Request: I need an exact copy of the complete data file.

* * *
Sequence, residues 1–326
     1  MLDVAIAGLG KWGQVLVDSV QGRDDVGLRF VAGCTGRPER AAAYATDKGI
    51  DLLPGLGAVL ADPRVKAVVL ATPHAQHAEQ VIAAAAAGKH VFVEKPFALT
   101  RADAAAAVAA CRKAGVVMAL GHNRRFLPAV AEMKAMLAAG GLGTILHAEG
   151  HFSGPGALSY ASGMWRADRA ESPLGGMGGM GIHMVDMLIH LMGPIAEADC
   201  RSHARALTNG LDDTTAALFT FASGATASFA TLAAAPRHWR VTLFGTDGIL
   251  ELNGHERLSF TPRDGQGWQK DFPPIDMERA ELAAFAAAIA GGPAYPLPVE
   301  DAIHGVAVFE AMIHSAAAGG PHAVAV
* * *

Sequence, residues 1–326
     1  MLDVAIAGLG KWGQVLVDSV QGRDDVGLRF VAGCTGRPER AAAYATDKGI
    51  DLLPGLGAVL ADPRVKAVVL ATPHAQHAEQ VIAAAAAGKH VFVEKPFALT
   101  RADAAAAVAA CRKAGVVMAL GHNRRFLPAV AEMKAMLAAG GLGTILHAEG
   151  HFSGPGALSY ASGMWRADRA ESPLGGMGGM GIHMVDMLIH LMGPIAEADC
   201  RSHARALTNG LDDTTAALFT FASGATASFA TLAAAPRHWR VTLFGTDGIL
   251  ELNGHERLSF TPRDGQGWQK DFPPIDMERA ELAAFAAAIA GGPAYPLPVE
   301  DAIHGVAVFE AMIHSAAAGG PHAVAV